The Bald Eagle
The Bald Eagle is America's national bird and is a symbol of freedom and power. Originally used to replace the smaller white eagle on the Great Seal of The United States on June 20, 1782, it quickly gained popularity and is used on American currency, public buildings, official documents, flags, and many other governmental items. Although the American bald eagle is viewed as a national treasure, it has faced extinction multiple times in the past. Congress passed the Bald Eagle Protection Act in 1940, making it illegal to kill, sell, or own the birds. Their numbers also dwindled in the 1960s as they began dying after eating prey contaminated with a pesticide called DDT, commonly used in World War II. The combination of federal protection and DDT regulation allowed the wild population to recover and begin thriving again.
The Pledge Of Allegiance
The Pledge of Allegiance is an oath used to signify citizens' allegiance to the United States Flag and its republic. Composed by Francis Bellamy in 1892 and adopted into congress in 1942, it received its official name in 1945 when "under God" was added. The pledge is used to open congressional sessions, governmental meetings, school days, US naturalization ceremonies, and more. There are four versions, with the current one in use since 1954; the Pledge of Allegiance is viewed as an act of patriotism and national pride.
The Lincoln Memorial
The Lincoln Memorial is a monument built to honor Abraham Lincoln, the 16th president of the United States of America. Located on the west end of the National Mall in Washington DC, President Lincoln sits on a chair with inscriptions from two of his best-known speeches, his second inaugural address and the Gettysburg Address. Dedicated in 1922, the Lincoln Memorial has since been a symbol of racial freedom and bravery.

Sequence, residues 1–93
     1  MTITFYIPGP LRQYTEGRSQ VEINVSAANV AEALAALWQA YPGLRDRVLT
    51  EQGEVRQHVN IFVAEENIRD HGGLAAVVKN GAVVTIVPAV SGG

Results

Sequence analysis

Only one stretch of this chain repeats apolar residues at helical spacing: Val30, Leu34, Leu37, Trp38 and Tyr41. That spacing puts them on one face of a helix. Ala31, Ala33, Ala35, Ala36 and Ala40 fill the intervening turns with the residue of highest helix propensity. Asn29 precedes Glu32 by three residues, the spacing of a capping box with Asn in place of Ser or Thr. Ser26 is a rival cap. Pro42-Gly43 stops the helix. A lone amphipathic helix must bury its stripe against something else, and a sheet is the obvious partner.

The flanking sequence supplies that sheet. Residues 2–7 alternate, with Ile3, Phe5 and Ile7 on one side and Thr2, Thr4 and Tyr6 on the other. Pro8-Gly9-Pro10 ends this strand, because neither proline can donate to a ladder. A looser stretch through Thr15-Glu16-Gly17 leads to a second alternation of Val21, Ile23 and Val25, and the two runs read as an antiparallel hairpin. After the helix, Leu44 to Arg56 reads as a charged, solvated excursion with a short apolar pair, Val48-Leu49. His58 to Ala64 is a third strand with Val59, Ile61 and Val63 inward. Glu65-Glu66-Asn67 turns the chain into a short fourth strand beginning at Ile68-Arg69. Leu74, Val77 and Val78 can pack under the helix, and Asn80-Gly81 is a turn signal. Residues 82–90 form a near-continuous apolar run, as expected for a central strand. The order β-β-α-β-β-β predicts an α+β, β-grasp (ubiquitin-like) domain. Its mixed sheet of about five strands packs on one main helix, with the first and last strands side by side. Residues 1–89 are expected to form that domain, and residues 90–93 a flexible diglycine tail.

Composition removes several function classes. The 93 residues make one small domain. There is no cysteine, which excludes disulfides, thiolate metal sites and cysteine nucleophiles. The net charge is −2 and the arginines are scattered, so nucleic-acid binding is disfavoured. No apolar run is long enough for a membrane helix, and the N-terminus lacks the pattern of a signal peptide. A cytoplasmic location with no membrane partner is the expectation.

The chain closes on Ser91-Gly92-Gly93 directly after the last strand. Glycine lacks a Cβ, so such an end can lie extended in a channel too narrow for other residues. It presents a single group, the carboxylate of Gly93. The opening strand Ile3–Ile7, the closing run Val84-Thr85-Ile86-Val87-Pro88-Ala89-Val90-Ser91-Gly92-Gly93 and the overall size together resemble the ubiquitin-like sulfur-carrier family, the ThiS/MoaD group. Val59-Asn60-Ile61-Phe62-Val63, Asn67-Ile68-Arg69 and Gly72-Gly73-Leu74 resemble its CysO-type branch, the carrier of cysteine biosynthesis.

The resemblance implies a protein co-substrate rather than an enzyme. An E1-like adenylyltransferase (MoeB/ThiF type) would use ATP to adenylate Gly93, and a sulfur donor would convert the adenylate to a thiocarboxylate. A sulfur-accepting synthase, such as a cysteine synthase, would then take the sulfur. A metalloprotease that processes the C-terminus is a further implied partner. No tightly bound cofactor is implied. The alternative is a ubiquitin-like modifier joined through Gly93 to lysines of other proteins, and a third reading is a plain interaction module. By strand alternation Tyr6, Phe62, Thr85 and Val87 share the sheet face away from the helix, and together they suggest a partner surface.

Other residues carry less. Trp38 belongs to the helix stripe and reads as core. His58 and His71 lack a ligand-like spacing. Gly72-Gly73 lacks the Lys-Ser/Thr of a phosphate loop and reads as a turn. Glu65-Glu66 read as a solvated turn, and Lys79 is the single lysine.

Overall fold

The Great Seal
The Great Seal is America's national symbol and refers to the physical seal which is located in the office of the United States Secretary of State and the design itself. One side of the Seal depicts the national arms, while the other shows an unfinished pyramid with an eye in a triangle surrounded by glory proper. The Great Seal was first used in 1782 to authenticate federal government documents and was added to the one-dollar bill in 1935.
The Statue Of Liberty
Perhaps one of the most commonly recognized symbols of America, the Statue of Liberty is a copper statue gifted to the US by France in 1886. It features the figure Libertas, a Roman liberty goddess with a torch in her right hand raised above her head and a tabula ansata inscribes with July IV MDCCLXXVI (July 4, 1776) in her left hand. A broken shackle and chain are lying at her feet, commemorating freedom from slavery. The Statue of Liberty is on Liberty Island in the New York Harbor and was seen as a welcome to immigrants seeking the freedoms and prosperity America offered.
These symbols are critical to American history. They signify America's freedom and are reminders of the many sacrifices it took to ensure it remains the land of the free and the home of the brave.